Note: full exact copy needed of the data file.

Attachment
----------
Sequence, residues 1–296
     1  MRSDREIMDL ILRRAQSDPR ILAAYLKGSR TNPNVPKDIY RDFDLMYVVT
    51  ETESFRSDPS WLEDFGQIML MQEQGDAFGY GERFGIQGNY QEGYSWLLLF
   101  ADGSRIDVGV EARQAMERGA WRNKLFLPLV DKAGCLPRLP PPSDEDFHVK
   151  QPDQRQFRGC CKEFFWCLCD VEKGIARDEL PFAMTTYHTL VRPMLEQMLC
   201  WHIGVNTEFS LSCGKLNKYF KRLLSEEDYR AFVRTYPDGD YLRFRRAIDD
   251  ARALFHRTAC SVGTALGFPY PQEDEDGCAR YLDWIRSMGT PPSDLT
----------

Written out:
Sequence, residues 1–296
     1  MRSDREIMDL ILRRAQSDPR ILAAYLKGSR TNPNVPKDIY RDFDLMYVVT
    51  ETESFRSDPS WLEDFGQIML MQEQGDAFGY GERFGIQGNY QEGYSWLLLF
   101  ADGSRIDVGV EARQAMERGA WRNKLFLPLV DKAGCLPRLP PPSDEDFHVK
   151  QPDQRQFRGC CKEFFWCLCD VEKGIARDEL PFAMTTYHTL VRPMLEQMLC
   201  WHIGVNTEFS LSCGKLNKYF KRLLSEEDYR AFVRTYPDGD YLRFRRAIDD
   251  ARALFHRTAC SVGTALGFPY PQEDEDGCAR YLDWIRSMGT PPSDLT